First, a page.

The new 2018 calendars are hardly in place on the walls, and the New Year’s Eve hangover is barely a memory, and yet, you, the Baltimore sports fandom, are already facing another countdown and a crisis.
The countdown is to July 31 and the crisis is a reference to end of quality Orioles baseball as we’ve known it for the last five seasons or so.
The date in question is the non-waiver trading deadline. After that date, it becomes significantly more difficult to make a trade for the final two months of the season.
And it’s after that date where if third baseman Manny Machado is still on the Orioles roster where it will become increasingly more likely that Machado will walk after the season ends with the team receiving nothing in return.
In a little over five major league seasons, Machado has been an All-Star three times and finished in the top five in Most Valuable Player voting twice.
At 25 years old, Machado, who is a brilliant defensive player as well as a gifted hitter, is approaching the prime of his career.
While he has some maturing to do, Manny Machado should be poised to become the leader of a new era of Oriole excellence.
It’s become more and more clear that Machado will not lead the franchise to the first World Series title since 1983, nine years before he was born.
That’s because Machado, who makes $5 million – a paltry sum for a player of his skill level -- will be a free agent after October.
The betting is that he will command an annual salary of at least five times what he is making now.
Orioles fans are left to wonder what is the team doing to keep the best homegrown player to come through the system in a generation. The answer appears to be very little.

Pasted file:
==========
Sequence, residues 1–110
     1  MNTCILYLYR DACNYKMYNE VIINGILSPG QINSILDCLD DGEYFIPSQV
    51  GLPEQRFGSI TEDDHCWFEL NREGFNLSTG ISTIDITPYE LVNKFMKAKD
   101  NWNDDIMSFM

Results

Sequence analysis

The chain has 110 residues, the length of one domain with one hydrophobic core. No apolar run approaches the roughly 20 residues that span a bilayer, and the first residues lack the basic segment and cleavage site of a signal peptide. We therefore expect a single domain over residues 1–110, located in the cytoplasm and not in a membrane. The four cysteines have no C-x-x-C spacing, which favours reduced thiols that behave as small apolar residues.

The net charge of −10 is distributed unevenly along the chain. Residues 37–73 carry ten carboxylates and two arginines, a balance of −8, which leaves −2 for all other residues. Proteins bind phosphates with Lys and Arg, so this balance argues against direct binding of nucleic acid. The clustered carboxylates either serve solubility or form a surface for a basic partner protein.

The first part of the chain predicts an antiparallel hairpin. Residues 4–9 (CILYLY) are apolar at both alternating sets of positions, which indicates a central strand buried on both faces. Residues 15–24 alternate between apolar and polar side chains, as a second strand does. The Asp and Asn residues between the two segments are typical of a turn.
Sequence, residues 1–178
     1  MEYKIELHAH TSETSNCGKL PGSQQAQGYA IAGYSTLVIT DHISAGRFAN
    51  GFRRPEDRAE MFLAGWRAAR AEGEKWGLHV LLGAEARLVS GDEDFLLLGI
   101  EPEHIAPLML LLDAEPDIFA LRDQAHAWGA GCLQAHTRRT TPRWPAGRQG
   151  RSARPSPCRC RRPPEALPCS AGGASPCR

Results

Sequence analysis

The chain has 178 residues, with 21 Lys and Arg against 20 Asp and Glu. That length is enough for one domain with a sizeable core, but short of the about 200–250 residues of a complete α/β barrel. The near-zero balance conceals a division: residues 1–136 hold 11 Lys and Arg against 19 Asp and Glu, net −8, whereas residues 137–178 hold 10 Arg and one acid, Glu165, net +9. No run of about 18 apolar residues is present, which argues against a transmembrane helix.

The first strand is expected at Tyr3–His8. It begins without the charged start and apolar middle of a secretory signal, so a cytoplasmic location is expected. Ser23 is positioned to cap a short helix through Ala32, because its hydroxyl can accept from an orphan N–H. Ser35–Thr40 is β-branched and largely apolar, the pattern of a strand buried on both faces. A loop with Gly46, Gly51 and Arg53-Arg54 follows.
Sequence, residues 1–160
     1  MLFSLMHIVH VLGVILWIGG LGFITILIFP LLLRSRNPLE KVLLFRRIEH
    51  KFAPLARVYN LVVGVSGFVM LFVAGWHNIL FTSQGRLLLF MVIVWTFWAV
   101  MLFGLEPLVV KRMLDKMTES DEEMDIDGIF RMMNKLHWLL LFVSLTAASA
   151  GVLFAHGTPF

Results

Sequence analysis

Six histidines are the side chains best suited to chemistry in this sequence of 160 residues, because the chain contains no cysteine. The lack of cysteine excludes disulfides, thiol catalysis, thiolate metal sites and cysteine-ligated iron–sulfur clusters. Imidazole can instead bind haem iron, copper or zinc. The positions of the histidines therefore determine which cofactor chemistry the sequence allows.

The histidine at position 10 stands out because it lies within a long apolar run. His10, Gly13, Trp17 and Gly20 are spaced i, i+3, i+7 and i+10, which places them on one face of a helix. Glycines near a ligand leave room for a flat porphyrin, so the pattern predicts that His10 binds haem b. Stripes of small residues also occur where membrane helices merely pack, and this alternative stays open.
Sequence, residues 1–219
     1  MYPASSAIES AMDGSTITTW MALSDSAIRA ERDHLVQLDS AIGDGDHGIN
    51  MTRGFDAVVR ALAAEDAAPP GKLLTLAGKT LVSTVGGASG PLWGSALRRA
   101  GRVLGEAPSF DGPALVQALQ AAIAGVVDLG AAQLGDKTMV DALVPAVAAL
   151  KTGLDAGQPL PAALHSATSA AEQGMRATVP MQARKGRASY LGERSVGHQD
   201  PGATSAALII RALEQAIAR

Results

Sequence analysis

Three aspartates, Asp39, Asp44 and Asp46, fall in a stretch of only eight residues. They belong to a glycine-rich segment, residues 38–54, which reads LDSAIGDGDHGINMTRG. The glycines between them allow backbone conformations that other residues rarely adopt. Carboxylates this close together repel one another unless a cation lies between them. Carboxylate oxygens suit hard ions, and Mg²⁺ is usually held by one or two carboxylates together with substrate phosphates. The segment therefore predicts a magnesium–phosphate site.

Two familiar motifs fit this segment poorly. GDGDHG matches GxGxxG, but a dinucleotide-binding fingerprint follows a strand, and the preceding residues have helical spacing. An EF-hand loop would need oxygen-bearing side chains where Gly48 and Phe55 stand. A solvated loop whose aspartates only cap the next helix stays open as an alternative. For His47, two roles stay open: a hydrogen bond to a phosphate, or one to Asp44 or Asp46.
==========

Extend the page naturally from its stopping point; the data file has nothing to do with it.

From all accounts, Orioles general manager Dan Duquette has spent a good chunk of the offseason trying not to sign Machado, but to trade him for a passel of cheap, young talent.
It appears that keeping Machado will be a casualty of the decision two years ago to sign first baseman Chris Davis to a seven-year, $160 million contract.
The Orioles brass seems to be tacitly saying that it can’t afford to pay Davis and other players and keep Machado at the price the third baseman will want.
Of course, you could argue that a forward-thinking front office might have tried to lock up Machado a few seasons ago to a reasonable price, rather than gamble that he would take less money to stay in a place he has always called home.
Keep in mind that the franchise, though not nearly as valuable as the Yankees, Red Sox or Cubs, who are expected to pursue Machado, is worth more than $1 billion now, and likely worth even more since the Miami Marlins were sold recently for over $1 billion.
Barring a miracle, though, another ball will drop in eight months and that countdown will not be so pleasant.
And that’s how I see it for this week.